Drones have really made a name for themselves in many industries, but people are still expressing rising concerns regarding safety and privacy.
Many people feel that their privacy is being invaded when it comes to drones hovering overhead, because civilians believe these devices can easily allow the operator to “spy” on them with little to no effort.
With this in mind, experts at Clemson and Duke have developed technology that can detect and deter drone activity, but it has proved too expensive for smaller organizations.
With the knowledge that there is a growing need for more affordable options, the National Science Foundation has awarded Clemson and Duke universities a $750,000, three-year grant to create a more economical solution for public spaces.
To help provide expertise on how to best design drone-deterring structures so there will be minimal impact on the aesthetical composition of outdoor environments, Hala Nassar, a landscape architecture professor in Clemson’s College of Architecture, Arts and Humanities, will serve as the university’s principal investigator (PI), and Robert Hewitt, an associate professor of landscape architecture, will serve as the co-PI.
“When people are enjoying a public space, the last thing they want to see is industrial-looking features,” Nassar told The Newsstand. “The design question then becomes how do we provide users with a sense of safety and privacy while preserving the natural character of the outdoor space. We’re looking forward to answering that question with Duke and developing state-of-the-art designs that will allow for passive countermeasures of drones nationwide.”
Leading the research efforts for Duke will be Mary “Missy” Cummings, mechanical engineering and materials science professor and director of the Humans and Autonomy Laboratory.
“Public space managers don’t often have the budget for expensive active drone countermeasures,” Cummings told The Newsstand. “If strategically placed shade canopies and trees or directed lighting can achieve the same results, we want to let people know how best to use them.”
According to The Newsstand, there are currently more than 600,000 drones registered with the U.S. Federal Aviation Administration (FAA), and it’s very likely that there are many more unregistered ones.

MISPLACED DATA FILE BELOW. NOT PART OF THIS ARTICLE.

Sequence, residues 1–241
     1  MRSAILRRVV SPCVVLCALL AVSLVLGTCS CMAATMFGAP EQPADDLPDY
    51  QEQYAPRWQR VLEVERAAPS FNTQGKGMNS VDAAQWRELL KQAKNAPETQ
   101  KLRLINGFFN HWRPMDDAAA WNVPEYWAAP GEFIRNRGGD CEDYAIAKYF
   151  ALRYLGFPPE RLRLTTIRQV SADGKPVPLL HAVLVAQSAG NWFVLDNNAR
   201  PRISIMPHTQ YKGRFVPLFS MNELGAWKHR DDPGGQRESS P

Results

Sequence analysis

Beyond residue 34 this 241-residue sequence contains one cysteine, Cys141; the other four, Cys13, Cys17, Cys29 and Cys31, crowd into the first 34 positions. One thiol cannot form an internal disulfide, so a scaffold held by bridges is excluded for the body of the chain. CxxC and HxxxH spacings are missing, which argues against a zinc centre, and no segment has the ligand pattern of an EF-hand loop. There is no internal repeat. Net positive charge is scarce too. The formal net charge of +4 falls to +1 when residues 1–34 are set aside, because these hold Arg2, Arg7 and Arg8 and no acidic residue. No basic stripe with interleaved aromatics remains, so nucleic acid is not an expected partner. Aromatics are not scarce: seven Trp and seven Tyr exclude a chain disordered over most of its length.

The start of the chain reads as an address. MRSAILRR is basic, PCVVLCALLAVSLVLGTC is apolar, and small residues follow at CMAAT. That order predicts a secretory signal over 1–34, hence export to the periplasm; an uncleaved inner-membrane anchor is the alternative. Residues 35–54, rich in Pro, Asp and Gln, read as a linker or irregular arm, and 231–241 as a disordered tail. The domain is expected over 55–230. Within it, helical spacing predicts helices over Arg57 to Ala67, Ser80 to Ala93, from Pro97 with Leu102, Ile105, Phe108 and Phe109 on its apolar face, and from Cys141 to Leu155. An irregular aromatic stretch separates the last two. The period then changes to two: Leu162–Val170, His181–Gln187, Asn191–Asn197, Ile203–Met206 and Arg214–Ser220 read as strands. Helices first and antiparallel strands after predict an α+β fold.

The FFA anticipates that drone sales will rise from 2.5 million in 2016 to 7 million in 2020, which will likely cause an increase in drones appearing in public places.
“The innovative research being done by Clemson landscape architecture professors Hala and Robert will help preserve and enrich the experience of public spaces for years to come,” Richard Goodstein, dean of the College of Architecture, Arts and Humanities, told The Newsstand. “We are grateful for the partnership with Duke and the support of the National Science Foundation as we address the modern challenge of drones.”
Keep in mind
Before flying drones outdoors, they must be registered. Since Dec. 21, drones must be registered with the Federal Aviation Administration’s Unmanned Aircraft System if the aircraft weighs more than 0.55 pounds but less than 55 pounds. For those who do not register their drones, there is the possibility of facing civil and criminal penalties.
Owners must provide his or her name, email and home address when registering, and once registration is complete, the online application will generate a Certificate of Aircraft Registration/Proof of Ownership that will include a unique identification number for the owner.
According to FAA, there are three ways to fly a unmanned aerial system (UAS) for business: following the requirements in the Small UAS rule, following the rules in your Section 333 grant of exemption or obtaining an airworthiness certificate for the aircraft.
There are other rules and regulations that go along with drone usage, such as not flying them within five miles of an airport or helipad without filing a request to do so, and not flying them over crowds of people. Flying drones after sunset and sunrise is also prohibited, and they must stay within the line of sight of the operator at all times.